Nidec Corporation has announced today that it and Nidec Sankyo Corporation have jointly developed an AC servo motor (resolution: 17bit) equipped with Zignear, the position detection technology that can be applied to industrial robots and replace encoders.
The motor uses a similar number of components to a magnetic encoder, with similar location detection and tracking capabilities of an optical encoder. It boasts the maximum accuracy in mechanical angles for location detection errors (less than ±0.02°). It can operate similarly to a conventional 17bit‐AC servo motor (demonstrated in a system test with a Zignear-equipped motor to drive an automated guided vehicle). And it is of an identical shape to a conventional magnetic encoder, making replacements between the two easy.
The motor uses a general-purpose microcomputer to accommodate a wide variety of output formats, including the ABZ phase output that is outputted by an optical encoder, and formats common in magnetic encoders, such as serial communications, voltage output, and PWM output.
An encoder, which is a sensor used to detect the rotation of a brushless DC motor mainly, is essential in adjusting a motor to an intended location, and keeping its rotation consistent. Conventionally, a brushless DC motor has required an encoder, as it has been difficult to detect its accurate location due to the ‘inconsistency’ in the magnetic sensor, or the installation of a hall sensor and sensitivity in particular. Now, however, after developing an algorithm that corrects such inconsistency, Nidec has successfully improved the location detection accuracy with the use of general-purpose microcomputers.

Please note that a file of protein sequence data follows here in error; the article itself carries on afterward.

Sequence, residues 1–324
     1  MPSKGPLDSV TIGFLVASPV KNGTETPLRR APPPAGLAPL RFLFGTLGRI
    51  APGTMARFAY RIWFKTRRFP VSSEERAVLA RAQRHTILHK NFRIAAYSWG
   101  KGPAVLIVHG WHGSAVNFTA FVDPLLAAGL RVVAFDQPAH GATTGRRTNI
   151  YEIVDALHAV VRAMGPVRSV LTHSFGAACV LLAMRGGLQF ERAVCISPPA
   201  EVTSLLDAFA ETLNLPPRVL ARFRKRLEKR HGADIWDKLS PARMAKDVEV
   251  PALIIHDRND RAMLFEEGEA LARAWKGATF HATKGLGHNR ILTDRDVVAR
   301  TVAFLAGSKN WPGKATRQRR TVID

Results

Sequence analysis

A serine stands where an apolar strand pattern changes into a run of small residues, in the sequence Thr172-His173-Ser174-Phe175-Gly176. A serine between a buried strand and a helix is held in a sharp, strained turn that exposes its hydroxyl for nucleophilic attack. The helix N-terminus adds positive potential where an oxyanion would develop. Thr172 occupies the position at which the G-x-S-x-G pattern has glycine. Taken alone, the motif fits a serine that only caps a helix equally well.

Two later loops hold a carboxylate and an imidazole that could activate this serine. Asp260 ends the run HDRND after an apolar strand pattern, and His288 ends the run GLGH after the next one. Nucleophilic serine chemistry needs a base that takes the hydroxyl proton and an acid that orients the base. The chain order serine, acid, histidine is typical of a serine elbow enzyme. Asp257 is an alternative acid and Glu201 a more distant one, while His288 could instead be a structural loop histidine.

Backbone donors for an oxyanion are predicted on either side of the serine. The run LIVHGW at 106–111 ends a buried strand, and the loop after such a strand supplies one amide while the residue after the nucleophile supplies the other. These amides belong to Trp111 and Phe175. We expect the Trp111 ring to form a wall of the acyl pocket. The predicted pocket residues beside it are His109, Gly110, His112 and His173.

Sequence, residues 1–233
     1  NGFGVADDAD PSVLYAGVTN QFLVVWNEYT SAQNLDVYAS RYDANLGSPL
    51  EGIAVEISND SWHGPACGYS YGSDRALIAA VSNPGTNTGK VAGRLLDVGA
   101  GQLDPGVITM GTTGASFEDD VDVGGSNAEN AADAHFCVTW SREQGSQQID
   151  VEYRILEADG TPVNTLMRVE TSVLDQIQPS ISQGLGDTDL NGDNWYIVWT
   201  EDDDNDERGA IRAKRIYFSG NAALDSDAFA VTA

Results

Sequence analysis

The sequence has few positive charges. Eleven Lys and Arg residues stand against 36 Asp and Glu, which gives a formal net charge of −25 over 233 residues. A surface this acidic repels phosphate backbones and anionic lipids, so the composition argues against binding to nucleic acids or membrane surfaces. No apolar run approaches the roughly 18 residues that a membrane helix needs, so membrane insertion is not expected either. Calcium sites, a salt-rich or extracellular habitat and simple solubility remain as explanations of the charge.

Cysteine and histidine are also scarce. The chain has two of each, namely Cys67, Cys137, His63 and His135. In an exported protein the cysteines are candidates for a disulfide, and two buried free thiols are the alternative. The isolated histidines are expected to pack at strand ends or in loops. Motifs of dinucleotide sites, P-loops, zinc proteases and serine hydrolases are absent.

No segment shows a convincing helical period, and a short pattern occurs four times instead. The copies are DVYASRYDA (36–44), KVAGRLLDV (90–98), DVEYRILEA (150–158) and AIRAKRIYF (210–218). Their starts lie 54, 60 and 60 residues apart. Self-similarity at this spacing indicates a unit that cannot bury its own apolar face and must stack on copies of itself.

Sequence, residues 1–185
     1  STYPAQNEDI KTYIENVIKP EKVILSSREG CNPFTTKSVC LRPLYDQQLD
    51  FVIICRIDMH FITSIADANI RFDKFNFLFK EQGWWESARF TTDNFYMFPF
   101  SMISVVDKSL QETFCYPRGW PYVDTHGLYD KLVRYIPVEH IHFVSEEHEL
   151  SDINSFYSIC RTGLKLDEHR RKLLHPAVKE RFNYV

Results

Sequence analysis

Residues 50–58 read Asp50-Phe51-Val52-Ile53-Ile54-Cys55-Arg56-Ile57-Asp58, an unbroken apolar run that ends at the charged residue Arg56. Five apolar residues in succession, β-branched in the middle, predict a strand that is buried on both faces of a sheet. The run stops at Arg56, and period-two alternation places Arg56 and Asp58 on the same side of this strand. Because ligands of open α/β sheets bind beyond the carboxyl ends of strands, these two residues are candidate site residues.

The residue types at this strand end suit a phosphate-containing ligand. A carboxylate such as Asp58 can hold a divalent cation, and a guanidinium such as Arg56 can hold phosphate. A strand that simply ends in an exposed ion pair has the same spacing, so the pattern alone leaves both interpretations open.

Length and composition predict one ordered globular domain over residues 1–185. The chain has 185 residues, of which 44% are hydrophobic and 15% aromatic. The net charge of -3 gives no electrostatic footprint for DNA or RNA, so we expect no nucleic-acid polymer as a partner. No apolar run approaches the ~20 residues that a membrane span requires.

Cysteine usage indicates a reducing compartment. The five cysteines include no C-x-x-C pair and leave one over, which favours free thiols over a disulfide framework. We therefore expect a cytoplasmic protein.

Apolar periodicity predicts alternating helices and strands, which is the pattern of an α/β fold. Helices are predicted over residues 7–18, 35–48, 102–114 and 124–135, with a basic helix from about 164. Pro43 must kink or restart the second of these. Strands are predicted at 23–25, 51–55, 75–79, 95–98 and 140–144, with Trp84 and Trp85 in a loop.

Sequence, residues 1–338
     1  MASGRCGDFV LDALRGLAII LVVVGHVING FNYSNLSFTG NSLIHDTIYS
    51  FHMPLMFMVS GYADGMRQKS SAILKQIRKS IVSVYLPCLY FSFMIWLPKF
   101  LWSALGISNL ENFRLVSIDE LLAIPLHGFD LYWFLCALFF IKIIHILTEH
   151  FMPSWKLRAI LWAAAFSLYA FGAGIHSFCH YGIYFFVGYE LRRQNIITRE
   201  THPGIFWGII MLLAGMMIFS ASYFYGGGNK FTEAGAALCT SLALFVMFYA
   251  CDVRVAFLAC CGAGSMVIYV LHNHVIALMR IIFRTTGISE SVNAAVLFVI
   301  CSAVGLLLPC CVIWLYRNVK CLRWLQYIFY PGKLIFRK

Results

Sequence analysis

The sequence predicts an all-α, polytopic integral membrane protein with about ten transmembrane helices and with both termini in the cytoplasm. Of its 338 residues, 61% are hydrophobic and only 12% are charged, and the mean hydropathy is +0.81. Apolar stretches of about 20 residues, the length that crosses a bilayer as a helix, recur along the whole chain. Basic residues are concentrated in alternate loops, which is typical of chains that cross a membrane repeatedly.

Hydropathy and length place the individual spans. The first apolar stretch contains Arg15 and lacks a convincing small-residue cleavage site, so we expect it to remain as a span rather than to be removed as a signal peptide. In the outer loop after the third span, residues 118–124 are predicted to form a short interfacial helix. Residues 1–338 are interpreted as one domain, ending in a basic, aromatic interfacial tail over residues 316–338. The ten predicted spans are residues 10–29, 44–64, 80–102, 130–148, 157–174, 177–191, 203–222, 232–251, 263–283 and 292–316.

Despite its high accuracy and capability to operate in a strong magnetic field, an optical encoder tends to become larger in proportion to its accuracy, requiring precise positioning. This is why an optical encoder tends to be costly due to its code wheel and other components, and installation cost, and to deteriorate in an environment full of dust, oil, etc.
Meanwhile, a magnetic encoder operates even in a dusty environment, and is cost-competitive as it works with a relatively inexpensive IC chip, but the encoder’s accuracy is lower than that of an optical counterpart. Nidec’s Zignear, which requires as small a number of components (only a hall sensor and a general-purpose microcomputer) as does a magnetic encoder, uses software to maintain location detection and tracking capabilities that are equal to those of an optical encoder.
Going forward, in the fields of industrial robot and mobility systems that are becoming increasingly innovative and diverse, Zignear-equipped AC servo motors could contribute to meeting the needs for high-level accuracy, diverse forms of communication, and replacing conventional products.